Constructing numbers through moments in time: Kant's philosophy of mathematics
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Among the various theses in the philosophy of mathematics, intuitionism is the thesis that numbers are constructs of the human mind. In this thesis, a historical account of intuitionism will be exposited- - from its beginnings in Kant's classic work, Critique of Pure Reason, to contemporary treatments by Brouwer and other intuitionists who have developed his position further. In chapter II, I examine the ontology of Kant's philosophy of arithmetic. The issue at hand is to explore how Kant, using intuition and time, argues for numbers as mental constructs. In chapter III, I examine how mathematics for Kant yields synthetic a priori truth, which is to say an informative statement about the world whose truth can be known independently of observation. In chapter IV, I examine how intuitionism developed under the care of Brouwer and others (e.g. Dummett) and how Hilbert sought to address issues in Kantian philosophy of mathematics with his finitist approach. In conclusion, I examine briefly what intuitionism resolves and what it leaves to be desired.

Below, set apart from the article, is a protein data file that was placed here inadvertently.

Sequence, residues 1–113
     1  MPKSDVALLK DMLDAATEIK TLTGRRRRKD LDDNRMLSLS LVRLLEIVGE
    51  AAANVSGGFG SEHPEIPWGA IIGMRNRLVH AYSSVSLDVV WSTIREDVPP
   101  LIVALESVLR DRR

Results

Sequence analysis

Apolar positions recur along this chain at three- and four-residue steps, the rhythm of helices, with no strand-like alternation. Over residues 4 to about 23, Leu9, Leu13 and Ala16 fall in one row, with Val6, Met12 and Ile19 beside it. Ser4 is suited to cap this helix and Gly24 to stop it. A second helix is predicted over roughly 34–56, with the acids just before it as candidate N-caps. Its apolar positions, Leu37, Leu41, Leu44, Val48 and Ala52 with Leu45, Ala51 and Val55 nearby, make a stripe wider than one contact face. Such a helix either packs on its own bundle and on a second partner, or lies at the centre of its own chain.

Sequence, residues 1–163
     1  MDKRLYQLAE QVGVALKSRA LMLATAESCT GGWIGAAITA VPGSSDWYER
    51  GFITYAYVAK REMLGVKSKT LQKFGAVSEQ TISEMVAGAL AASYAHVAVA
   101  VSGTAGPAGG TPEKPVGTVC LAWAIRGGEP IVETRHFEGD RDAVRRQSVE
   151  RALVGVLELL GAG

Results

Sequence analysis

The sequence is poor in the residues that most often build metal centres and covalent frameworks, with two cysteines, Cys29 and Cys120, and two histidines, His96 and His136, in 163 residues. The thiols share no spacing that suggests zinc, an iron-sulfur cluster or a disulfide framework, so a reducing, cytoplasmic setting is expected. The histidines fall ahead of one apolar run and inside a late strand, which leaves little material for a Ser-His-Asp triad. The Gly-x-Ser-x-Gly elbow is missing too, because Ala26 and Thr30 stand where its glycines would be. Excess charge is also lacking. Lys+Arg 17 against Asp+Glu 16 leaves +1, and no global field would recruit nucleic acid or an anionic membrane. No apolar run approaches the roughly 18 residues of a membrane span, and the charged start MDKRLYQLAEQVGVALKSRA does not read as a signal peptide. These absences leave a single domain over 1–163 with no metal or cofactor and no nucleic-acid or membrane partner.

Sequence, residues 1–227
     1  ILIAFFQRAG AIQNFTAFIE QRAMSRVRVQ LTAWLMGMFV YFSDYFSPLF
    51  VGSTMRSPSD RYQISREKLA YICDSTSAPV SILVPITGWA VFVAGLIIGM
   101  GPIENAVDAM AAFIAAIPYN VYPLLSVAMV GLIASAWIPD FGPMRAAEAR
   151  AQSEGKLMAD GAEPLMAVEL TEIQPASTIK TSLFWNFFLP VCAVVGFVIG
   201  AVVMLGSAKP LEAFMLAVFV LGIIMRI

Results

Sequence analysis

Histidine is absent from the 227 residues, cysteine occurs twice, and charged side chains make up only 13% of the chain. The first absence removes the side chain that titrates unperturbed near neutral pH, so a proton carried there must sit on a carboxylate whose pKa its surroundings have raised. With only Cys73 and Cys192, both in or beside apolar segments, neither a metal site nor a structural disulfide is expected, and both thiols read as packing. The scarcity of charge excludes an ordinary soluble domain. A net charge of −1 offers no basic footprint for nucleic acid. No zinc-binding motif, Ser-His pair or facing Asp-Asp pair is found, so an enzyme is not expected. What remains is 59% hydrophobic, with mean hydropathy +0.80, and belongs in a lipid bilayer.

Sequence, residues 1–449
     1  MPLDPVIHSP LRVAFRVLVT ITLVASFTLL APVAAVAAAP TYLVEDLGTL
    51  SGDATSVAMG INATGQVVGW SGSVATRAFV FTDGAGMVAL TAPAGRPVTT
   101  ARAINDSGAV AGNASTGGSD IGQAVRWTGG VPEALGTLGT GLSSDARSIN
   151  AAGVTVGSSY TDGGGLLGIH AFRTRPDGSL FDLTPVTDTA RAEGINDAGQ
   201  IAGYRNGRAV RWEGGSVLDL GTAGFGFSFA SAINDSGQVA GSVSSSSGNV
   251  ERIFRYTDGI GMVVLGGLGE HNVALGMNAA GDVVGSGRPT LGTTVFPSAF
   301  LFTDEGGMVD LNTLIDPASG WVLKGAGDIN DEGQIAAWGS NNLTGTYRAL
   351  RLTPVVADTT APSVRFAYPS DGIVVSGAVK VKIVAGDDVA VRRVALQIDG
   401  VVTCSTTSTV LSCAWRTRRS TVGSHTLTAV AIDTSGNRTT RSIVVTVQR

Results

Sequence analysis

Wilson, Paul Anthony (2003). Constructing numbers through moments in time: Kant's philosophy of mathematics. Master's thesis, Texas A&M University. Texas A&M University. Available electronically from